‘After the Crisis’ reviewed by Yannick Harrison

After the Crisis

Polity Press, Cambridge, 2014. 180pp., £14.99 pb
ISBN 9780745653853

Reviewed by Yannick Harrison

About the reviewer

Yannick Harrison is a PhD fellow at Roskilde University and Radboud University, doing research on …


Alain Touraine’s recent work channels the spirit of Stéphane Hessel in its powerful call for action against a ‘financial capitalism’ that has torn ‘the social fabric’ apart (157). Touraine, who has previously argued that Western economies have moved from being industrial societies to post-industrial societies, now suggests that we are witnessing the birth of a new type of society because of the existence of a ‘post-social situation’ (3). In this new emerging configuration, ‘actors’ have separated themselves from the system (114). Under these new circumstances, the only hope for solving the crisis is to make an appeal to a social subject which is defined by its ‘right to have rights’ against the imperatives of ‘economic globalization’ (97). Though Touraine provides some suggestions in terms of future political strategy, the overall structure and presentation of his argument is at times so thoroughly incoherent that it ends up confusing the reader it seeks to enlighten. Unfortunately, the general analysis presented does not demonstrate the same rigour that marks Touraine’s otherwise influential works on social movements and post-industrial society.

By showing how the 2007-8 crisis has ‘caused the destruction of all the institutions’ previously governing economic relations (9), Touraine seeks to focus on the changes that go beyond ‘the measurable economic facts’ in order to examine the general organization of society (11). For Touraine, contemporary society is characterised by increasing complexity and fragmentation of the world in a manner that has prevented its ability to ‘give birth to a historically significant actor’ (15). In industrial society the main source of conflict was the distribution over the ‘transformation of physical resources’ (15), with the worker as the main social actor. Post-industrial society still made use of manufacturing, but communication introduced ‘new relationships’ between ‘the frame of mind of the communicator’ and ‘the information conveyed’ (95). Throughout these configurations, social actors could make use of ‘social institutions’ to climb the social hierarchy, as well as ‘strengthen their capacity to undertake social actions’ (95). However, with the dominance of financial ‘economic globalization’ and its on-going crisis, Touraine argues that a deep gulf has emerged between ‘the economic world and that of social institutions’ (96). Simultaneously, the silence of labour organizations and civil society at large has meant that the ‘aroused reactions’ of the victims have not been transformed into ‘political protest’ (27). Once this separation is complete, actors can no longer be defined in terms of their economic relationship, and as such it marks the end of what he calls a ‘socio-economic conception of social science’ (ibid).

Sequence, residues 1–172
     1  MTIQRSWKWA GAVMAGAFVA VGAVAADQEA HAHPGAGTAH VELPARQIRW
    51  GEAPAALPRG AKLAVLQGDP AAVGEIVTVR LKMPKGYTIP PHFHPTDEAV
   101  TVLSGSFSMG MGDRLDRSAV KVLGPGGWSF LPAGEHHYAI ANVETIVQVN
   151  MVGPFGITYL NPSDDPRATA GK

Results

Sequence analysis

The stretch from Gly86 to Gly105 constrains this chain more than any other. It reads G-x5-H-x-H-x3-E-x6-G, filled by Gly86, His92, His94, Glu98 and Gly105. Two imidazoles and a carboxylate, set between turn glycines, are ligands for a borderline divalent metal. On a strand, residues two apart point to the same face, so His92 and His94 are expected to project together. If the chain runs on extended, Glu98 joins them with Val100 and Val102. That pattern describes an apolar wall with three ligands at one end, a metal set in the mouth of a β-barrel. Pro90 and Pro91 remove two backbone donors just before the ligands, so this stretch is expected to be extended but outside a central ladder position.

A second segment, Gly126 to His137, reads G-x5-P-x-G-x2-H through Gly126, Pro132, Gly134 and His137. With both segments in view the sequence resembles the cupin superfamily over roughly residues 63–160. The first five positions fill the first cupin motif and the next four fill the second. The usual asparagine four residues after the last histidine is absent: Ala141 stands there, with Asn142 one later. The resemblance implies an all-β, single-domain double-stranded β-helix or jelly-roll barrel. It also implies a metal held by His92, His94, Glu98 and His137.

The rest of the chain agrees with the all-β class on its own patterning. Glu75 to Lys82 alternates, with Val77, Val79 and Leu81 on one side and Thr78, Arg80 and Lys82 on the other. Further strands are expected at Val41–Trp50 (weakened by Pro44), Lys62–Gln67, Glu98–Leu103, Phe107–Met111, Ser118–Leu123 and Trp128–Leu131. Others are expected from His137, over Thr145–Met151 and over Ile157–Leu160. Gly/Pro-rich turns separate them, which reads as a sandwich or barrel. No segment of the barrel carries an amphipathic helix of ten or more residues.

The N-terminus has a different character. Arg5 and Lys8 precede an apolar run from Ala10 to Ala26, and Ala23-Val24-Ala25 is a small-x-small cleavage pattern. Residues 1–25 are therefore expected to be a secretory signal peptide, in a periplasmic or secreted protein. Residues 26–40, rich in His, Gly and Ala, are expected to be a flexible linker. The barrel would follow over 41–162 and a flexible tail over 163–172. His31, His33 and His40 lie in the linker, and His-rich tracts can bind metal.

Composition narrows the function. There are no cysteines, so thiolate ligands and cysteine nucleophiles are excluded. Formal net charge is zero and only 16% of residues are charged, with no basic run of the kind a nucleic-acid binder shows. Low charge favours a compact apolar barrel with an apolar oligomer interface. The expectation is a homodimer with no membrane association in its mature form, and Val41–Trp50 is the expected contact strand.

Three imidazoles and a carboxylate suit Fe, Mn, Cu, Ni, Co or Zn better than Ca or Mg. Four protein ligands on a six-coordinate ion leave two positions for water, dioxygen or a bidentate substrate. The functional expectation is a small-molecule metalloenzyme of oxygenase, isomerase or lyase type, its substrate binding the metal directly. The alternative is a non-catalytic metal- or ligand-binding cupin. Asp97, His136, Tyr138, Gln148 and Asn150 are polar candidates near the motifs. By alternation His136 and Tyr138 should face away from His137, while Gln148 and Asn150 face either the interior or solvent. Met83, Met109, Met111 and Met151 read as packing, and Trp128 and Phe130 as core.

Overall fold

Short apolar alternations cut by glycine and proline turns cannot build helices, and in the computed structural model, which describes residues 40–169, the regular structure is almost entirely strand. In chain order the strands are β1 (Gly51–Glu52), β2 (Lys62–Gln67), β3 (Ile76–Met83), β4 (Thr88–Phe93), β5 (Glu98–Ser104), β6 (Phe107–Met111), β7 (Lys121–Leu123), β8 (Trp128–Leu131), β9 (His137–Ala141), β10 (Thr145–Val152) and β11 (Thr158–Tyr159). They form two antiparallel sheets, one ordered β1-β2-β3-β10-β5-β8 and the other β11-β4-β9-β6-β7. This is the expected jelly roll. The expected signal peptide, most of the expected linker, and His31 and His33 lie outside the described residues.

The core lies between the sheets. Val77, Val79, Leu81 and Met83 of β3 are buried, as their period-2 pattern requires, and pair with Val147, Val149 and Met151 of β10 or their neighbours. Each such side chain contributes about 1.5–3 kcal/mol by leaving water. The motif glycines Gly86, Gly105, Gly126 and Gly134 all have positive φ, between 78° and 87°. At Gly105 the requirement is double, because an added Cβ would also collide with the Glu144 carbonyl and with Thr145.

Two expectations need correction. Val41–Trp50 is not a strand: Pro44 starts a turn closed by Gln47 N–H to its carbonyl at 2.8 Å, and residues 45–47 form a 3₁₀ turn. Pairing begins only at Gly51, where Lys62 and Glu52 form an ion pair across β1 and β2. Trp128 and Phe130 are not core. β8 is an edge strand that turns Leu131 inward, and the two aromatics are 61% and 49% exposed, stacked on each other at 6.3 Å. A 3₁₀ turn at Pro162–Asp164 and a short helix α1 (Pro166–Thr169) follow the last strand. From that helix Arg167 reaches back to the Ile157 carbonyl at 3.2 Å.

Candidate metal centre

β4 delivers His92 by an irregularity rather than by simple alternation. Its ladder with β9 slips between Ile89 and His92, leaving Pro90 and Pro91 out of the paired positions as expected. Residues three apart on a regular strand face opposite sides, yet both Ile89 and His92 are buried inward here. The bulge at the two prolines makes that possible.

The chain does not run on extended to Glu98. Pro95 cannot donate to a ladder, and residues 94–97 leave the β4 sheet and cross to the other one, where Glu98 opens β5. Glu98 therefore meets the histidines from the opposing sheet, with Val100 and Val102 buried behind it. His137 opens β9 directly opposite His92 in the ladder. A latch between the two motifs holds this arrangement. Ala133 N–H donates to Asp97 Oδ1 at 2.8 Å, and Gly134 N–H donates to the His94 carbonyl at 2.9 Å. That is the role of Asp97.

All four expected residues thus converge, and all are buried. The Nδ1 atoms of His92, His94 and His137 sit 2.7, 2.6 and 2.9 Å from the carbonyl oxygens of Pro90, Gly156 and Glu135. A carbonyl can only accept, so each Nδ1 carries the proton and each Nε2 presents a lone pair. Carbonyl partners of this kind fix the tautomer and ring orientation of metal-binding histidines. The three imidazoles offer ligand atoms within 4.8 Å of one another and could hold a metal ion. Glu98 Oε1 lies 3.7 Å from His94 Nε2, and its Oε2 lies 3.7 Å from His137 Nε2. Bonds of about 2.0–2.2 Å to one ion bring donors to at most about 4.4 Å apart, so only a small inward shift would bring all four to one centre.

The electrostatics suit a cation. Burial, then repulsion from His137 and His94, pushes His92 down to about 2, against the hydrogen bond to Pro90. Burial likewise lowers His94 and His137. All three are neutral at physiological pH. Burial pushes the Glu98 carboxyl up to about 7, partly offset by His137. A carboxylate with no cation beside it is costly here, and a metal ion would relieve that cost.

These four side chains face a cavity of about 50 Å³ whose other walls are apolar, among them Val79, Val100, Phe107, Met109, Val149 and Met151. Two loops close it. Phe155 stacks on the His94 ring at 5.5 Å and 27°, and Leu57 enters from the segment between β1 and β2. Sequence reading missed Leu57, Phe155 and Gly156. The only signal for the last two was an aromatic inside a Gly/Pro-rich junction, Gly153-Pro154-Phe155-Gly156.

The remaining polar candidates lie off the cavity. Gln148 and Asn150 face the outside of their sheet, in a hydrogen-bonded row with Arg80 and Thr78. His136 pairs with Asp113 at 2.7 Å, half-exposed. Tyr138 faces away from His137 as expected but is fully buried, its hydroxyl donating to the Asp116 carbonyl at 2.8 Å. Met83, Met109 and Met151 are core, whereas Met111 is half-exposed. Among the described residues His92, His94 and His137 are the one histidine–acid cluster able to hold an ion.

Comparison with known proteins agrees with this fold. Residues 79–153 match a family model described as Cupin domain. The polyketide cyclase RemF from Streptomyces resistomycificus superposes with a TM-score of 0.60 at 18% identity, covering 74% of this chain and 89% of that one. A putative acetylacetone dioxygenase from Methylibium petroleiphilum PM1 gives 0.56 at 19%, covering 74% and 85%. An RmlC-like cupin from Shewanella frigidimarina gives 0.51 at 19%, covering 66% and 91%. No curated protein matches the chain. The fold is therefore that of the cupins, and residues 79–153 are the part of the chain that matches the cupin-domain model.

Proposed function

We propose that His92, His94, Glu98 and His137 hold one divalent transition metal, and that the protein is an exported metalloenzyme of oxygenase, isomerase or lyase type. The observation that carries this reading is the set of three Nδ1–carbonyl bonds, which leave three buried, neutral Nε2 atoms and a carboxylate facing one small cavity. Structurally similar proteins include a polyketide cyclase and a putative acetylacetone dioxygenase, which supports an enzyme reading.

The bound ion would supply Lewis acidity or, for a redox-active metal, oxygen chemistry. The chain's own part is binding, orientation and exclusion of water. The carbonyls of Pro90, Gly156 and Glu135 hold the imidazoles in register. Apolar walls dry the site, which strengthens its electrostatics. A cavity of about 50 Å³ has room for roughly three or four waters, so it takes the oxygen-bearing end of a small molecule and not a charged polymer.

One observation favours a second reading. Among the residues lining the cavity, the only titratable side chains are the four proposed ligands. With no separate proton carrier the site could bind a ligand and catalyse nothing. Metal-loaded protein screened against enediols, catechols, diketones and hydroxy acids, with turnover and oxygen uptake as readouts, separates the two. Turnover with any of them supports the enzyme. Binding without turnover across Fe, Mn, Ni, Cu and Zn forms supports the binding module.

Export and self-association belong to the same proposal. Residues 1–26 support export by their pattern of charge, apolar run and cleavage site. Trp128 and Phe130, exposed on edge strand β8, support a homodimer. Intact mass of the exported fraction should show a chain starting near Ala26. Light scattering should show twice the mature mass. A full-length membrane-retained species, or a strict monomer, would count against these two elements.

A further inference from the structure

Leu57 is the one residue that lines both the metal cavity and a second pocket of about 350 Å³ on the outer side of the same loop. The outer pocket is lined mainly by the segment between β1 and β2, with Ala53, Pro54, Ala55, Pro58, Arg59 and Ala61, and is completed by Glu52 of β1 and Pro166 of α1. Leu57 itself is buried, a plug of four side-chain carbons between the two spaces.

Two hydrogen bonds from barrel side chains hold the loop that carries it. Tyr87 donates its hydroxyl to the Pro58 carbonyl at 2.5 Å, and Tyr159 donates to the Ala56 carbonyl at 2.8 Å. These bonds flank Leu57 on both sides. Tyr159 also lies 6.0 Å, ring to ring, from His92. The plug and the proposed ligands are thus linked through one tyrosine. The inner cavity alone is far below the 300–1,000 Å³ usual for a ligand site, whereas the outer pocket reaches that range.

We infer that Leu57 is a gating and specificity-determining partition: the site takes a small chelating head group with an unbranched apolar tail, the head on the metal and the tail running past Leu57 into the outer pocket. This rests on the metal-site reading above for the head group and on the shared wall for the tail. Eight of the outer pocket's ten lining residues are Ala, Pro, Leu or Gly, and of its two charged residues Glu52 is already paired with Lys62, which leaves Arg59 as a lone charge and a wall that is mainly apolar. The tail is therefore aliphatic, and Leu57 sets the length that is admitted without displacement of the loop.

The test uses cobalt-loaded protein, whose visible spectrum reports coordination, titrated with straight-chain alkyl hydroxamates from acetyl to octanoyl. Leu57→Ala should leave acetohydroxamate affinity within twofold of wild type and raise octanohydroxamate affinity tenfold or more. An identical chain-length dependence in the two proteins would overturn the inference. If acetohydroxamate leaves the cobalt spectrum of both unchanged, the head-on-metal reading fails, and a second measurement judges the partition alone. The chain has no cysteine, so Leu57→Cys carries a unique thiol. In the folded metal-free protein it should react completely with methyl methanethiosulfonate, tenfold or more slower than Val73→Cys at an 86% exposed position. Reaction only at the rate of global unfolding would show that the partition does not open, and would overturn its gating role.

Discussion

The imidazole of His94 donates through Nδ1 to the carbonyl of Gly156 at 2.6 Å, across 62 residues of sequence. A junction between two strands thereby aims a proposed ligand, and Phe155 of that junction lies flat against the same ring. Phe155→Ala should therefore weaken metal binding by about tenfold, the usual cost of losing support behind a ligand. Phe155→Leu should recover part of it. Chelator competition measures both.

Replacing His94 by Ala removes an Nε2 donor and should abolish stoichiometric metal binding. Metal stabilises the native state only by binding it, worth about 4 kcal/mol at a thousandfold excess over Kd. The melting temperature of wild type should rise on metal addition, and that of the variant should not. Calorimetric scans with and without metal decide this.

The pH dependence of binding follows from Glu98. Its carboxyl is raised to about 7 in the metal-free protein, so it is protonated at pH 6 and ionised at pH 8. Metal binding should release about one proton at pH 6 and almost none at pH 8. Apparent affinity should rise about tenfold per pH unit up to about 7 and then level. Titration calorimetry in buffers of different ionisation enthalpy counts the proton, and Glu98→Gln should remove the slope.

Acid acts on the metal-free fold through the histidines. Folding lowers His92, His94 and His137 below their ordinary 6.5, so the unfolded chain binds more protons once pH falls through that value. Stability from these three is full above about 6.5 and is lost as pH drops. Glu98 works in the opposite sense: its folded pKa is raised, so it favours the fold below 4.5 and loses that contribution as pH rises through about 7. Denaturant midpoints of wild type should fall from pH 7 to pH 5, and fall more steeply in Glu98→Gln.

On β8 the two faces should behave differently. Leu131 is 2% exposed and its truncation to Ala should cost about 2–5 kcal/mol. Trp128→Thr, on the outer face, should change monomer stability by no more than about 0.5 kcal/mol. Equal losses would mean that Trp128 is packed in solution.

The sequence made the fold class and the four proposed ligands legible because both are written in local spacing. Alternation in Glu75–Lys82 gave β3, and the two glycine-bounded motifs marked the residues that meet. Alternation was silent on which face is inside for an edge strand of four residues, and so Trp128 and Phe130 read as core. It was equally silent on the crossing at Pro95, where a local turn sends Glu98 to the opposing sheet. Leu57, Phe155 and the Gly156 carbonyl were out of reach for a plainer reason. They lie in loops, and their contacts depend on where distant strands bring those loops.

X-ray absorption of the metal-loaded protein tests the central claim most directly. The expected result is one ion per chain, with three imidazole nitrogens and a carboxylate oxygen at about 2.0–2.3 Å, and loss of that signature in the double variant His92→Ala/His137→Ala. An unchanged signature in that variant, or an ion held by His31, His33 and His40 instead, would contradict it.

This separation of actors from the system leads him to conclude that there is no longer an ‘underlying working principle’ such as ‘the class struggle in the past’ (114). The elimination of any underlying principle has also meant that the economic system is no longer capable of ‘self-regulation’ (ibid). The state, not possessing ‘any clear guidelines upon which to act’, concurrently finds itself ‘powerless in the face of global capitalism’ (115). And as the state is conceptualised as a third-party broker between the dominated and dominator, it has found itself unable to provide workers with ‘public funds or public support’ due to ‘pressure’ that economic and financial leaders ‘are able to exert … at the highest level’ (114-5). In short, governments, though able to offset the worst of the crisis, are no longer are able to erect institutional arrangements capable of creating equilibrium between social conflict and investment capacity. This leads us towards a post-social situation.